How Cryptocurrencies Became the World's Most Expensive Joke

How Cryptocurrencies Became the World's Most Expensive Joke

Why you should care

Some investments are foolish; others are literally a joke.

Back in 2013, Australian coder Jackson Palmer spent his spare time experimenting with the latest obsession for computer geeks — cryptocurrency — and occasionally sharing viral memes on Twitter. One day he combined the two … with wild consequences. “I jokingly said on Twitter, ‘I’m going to invest in Dogecoin; it’s probably the next big thing,’ ” he tells OZY, referring to the popular “doge” meme: a picture of a fluffy dog casting a rather suspicious side-eye at the camera.

The tweet took off. Seven days later, Palmer and a co-founder released it as an actual cryptocurrency, complete with a website sporting a cartoonified image of the dog’s face on a coin. A little over three years later, the total value of all the Dogecoin in existence peaked at around $400 million. Yes: four hundred million dollars (it’s since fallen to around $120 million).

Dogecoin isn’t alone. In fact:

At least half a dozen cryptocurrencies with a minimum market cap of $1,000,000 are explicitly based on memes or jokes.

Japan’s Monacoin, which features a cartoon meme cat, has a market cap of $26 million at the time of writing (it’s been as high as $43 million in the past). And then there’s Pepe Cash and PepeCoin (with the currency ticker MEME), both of which are based on the cartoon Pepe the Frog, a meme that has separately been linked to the alt-right movement — these have market caps of roughly $9 million and $4 million, respectively. Insane Coin, which started “as a complete and utter joke,” says developer Dave Adsett, is now hoping to reclaim a serious image with educational and business services as well as physical stores accepting the digital currency. The total value of all the Insane in existence is around $1 million.

All the money being thrown around at useless currencies distracts from the important development of blockchain technology.

For Palmer, now a product manager in San Francisco, it’s a symptom of a big bubble in the marketplace. Dogecoin’s success “was kind of terrifying, because it just further reinforced the point of the joke that people were willing to throw money at something that ridiculous,” he says. “I think what’s driving a lot of it is greed.” Palmer didn’t keep any of the currency himself and stopped active involvement with the Dogecoin community in 2015. Plus, he says, all the money being thrown around at useless currencies distracts from the important development of blockchain technology — infrastructures of secure, distributed ledgers that can support record keeping and transactional systems, kinda like an internet for value — that underlies cryptocurrencies. Palmer draws an analogy to the late-’90s dot-com bubble that placed unreasonable valuations on web-based companies, despite the technologies behind the internet being worthy of genuine excitement.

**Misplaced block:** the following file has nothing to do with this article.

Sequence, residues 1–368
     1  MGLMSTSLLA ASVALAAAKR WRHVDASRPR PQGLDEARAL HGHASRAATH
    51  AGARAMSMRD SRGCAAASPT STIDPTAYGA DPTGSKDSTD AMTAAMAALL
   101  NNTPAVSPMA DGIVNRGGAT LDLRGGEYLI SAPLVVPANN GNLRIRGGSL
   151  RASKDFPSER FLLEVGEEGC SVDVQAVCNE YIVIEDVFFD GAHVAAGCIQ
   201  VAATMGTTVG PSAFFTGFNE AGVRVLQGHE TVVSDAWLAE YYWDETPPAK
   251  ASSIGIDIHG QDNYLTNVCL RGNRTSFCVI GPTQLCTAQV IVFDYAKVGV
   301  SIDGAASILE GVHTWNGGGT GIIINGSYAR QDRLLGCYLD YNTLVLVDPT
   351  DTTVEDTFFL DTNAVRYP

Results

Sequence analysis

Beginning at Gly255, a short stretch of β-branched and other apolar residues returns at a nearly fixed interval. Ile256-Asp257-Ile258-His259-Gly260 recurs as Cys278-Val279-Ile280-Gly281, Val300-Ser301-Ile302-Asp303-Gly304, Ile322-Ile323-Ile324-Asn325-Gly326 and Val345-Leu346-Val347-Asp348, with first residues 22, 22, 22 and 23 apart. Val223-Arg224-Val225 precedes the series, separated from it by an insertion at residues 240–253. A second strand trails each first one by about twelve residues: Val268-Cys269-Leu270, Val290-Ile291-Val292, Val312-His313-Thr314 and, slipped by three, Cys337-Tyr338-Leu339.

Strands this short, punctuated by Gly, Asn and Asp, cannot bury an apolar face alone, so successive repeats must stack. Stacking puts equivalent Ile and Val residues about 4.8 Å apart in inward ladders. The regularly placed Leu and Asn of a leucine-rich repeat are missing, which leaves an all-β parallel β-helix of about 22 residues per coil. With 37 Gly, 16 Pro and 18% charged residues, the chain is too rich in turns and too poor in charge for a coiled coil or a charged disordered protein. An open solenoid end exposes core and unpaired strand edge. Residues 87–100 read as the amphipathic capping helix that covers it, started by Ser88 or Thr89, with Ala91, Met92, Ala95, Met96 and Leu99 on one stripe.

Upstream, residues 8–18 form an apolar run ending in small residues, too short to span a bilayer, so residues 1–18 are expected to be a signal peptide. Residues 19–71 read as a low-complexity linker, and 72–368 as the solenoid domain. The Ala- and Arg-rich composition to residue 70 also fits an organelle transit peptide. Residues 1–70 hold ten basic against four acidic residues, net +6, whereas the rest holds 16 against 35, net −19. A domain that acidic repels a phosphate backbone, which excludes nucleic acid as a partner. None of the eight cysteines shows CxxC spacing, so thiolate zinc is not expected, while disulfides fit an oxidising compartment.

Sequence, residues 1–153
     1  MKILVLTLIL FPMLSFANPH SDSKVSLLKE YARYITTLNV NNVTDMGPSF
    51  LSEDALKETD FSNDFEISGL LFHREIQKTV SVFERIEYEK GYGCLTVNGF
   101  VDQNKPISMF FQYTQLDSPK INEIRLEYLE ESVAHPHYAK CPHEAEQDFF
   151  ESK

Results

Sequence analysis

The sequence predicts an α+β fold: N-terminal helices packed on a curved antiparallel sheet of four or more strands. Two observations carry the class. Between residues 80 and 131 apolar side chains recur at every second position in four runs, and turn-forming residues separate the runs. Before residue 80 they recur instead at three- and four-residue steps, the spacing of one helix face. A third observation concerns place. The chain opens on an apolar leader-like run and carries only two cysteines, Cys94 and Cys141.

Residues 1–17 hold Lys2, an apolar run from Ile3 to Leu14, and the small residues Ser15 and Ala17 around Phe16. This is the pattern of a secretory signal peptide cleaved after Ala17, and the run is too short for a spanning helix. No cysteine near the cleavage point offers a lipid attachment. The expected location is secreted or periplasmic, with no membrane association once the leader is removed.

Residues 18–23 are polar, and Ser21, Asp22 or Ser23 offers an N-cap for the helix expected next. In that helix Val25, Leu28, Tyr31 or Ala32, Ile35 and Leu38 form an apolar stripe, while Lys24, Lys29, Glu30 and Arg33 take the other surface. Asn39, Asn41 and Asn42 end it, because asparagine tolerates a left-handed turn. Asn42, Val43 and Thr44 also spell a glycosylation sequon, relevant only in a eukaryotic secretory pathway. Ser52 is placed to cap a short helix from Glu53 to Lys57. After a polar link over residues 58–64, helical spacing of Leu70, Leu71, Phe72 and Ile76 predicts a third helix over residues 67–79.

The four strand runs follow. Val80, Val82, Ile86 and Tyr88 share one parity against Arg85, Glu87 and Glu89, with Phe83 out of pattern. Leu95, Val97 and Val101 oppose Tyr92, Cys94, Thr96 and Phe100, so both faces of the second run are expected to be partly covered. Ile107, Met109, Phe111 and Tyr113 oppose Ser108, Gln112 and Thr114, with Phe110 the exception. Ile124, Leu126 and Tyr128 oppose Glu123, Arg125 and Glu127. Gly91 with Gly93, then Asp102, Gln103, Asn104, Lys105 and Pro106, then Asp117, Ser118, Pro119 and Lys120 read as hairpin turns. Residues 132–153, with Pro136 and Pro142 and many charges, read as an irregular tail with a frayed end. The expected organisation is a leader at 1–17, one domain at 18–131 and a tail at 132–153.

Not everyone agrees with Palmer’s analysis. “I just see [joke tokens] as an indicator of mainstream adoption being right around the corner,” says a co-developer of a FUCK (Finally Usable Crypto Karma) token who goes only by Shwifteey. FUCK, which has a market cap of around $1 million, is “far from” a joke, Shwifteey insists, but it is instead a way to tip fellow social media users.

Of course, joke coins have not completely taken over the cryptocurrency space. Several hundred coins and tokens with multimillion-dollar market caps are listed on major exchanges, with many startups offering Initial Coin Offerings (ICOs) as a way to crowd-fund tens of millions of dollars from crypto-enthusiasts (though Palmer estimates that “probably 95 percent” of these are as useless as a meme). With leading digital currencies like Bitcoin, Ether and Litecoin all boasting a total market cap of several billion dollars, only Dogecoin counts among the major players — for now. “It’s crazy to say, but $10 million is absolutely tiny” in the marketplace where new coins, sometimes even hyped by celebrities, can race to nine-figure valuations in a matter of hours, says Palmer. And maybe that is as much an indicator of a crypto-bubble as the million-dollar memes.

Other Notable Crypto-Jokes

  • NyanCoin: Based on the Nyan Cat meme
  • FOMO Coin: Markets itself on the Fear Of Missing Out
  • ShitCoin: Based on, well, you know …
  • Useless Ethereum Token: It claimed to be “transparent” about the fact that it “offers investors no value” whatsoever.
  • NorrisCoin, which sported Chuck Norris’ name and likeness, and CoinyeWest, with a logo that was half fish, half Kanye West, have since been abandoned under trademark disputes.

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